Conservation work on the 177-year-old structure, which is supposed to be completed at the end of next year, led to the discovery by the project team after intrusive surveys, parliamentary officials have disclosed.
The 96-metre tower, which has become a national symbol since its completion in 1856, has been mostly hidden from view since efforts to restore it began in 2017.
Critics of the £3.5bn restoration and renewal programme will seize upon the rising cost as a small example of the huge amount that will mount up once peers and MPs move out in four years to allow work to begin across the rest of the building.
Ian Ailles, the director general of the House of Commons, said the task of restoring the tower “had been more complex than we could have anticipated”.
“With a 12 sq metres [130 sq ft] footprint and a prime location right in the middle of a busy working parliament, understanding the full extent of the damage to the tower was impossible until the scaffolding was up.
“Alongside other issues, such as the impact of often inappropriate conservation methods used by our predecessors, the corrosive levels of pollution in the atmosphere and the discovery of asbestos in unexpected places, we have only now been able to fully understand the full investment required for this project,” he said.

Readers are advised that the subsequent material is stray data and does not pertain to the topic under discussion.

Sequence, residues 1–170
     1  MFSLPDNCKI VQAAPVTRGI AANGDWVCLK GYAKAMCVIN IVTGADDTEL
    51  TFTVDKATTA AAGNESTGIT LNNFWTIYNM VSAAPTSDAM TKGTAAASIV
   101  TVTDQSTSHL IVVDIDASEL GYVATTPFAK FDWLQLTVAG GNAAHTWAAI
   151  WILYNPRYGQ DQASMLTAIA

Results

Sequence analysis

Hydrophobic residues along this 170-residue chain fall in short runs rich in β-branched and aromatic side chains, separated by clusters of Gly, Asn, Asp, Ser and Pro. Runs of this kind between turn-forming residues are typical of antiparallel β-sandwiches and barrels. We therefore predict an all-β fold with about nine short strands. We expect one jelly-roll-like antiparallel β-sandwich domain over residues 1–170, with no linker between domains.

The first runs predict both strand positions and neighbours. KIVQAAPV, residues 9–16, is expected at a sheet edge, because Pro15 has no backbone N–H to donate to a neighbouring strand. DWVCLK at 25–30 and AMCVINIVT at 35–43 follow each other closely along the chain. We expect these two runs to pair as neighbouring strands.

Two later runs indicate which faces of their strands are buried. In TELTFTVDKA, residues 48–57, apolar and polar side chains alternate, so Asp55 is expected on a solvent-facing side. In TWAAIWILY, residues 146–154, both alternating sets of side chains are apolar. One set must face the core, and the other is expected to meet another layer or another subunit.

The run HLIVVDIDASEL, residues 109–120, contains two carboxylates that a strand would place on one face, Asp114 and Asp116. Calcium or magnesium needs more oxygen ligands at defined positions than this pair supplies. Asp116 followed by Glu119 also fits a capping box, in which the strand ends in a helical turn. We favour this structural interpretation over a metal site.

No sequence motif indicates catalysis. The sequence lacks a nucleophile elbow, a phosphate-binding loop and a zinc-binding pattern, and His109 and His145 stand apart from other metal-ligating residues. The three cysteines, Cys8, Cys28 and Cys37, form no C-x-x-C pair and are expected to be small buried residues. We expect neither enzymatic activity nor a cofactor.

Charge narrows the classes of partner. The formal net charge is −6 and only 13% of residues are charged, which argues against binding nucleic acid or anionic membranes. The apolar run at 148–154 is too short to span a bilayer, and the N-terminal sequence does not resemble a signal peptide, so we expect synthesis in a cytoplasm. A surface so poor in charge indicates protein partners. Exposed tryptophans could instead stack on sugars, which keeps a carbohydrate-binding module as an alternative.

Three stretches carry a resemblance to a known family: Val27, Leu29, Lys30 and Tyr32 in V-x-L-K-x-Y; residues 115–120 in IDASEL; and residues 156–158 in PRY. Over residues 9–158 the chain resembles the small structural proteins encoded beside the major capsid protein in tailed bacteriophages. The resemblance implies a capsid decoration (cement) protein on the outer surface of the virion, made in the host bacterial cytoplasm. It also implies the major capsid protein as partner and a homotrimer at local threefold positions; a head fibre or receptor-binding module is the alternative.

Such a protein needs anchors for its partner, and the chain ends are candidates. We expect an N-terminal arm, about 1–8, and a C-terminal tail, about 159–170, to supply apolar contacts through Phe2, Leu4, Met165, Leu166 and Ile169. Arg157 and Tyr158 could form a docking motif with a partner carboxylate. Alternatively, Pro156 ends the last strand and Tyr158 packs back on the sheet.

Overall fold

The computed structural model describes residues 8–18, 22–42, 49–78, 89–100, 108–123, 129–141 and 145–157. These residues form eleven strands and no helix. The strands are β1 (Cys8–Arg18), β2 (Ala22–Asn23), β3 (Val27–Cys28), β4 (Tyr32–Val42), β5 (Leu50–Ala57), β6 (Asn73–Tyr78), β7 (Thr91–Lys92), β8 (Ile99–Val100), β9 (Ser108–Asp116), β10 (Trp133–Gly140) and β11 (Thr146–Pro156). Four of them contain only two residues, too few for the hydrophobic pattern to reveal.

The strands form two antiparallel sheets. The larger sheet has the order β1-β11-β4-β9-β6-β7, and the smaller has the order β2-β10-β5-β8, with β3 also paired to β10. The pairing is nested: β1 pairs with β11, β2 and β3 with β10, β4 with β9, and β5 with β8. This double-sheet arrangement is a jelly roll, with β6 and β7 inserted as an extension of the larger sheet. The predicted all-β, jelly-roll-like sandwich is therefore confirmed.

Damage inflicted by German bombing during the second world war had was more extensive than first thought.
Although the tower survived the bombing, its roof and dials were damaged in an air raid in May 1941 which destroyed the main House of Commons chamber.
The full scale of the conservation effort, which is on track for completion in late 2021, was only revealed once the project team was able to begin intrusive surveys for the first time, officials said.
The House of Commons and House of Lords commissions were told that to restore the tower to its previous splendour, the budget would need to rise from £61.1m to £79.7m.
Both commissions heard that painstaking examination of the tower had uncovered decay and damage to hundreds of intricate carvings, asbestos in the belfry, extensive use of toxic lead paint, broken glass in the clock dials and the need to employ a specialist clock expert.
In 2017, work began to examine and repair the tower from the gilt cross and orb at its tip to the bottom of its 334-step staircase.
Many hundreds of specialist craftspeople from all around the UK are contributing to this conservation project, employing traditional trades, including stone masonry, gilding, glass cutting and horology.
If approved by accounting officers of each House, a new budget of £79.7m will be set for the project’s completion.
A spokesperson for the House of Commons commission said its members were “extremely disappointed” that more money was required, but they had been assured no more would be asked for after this.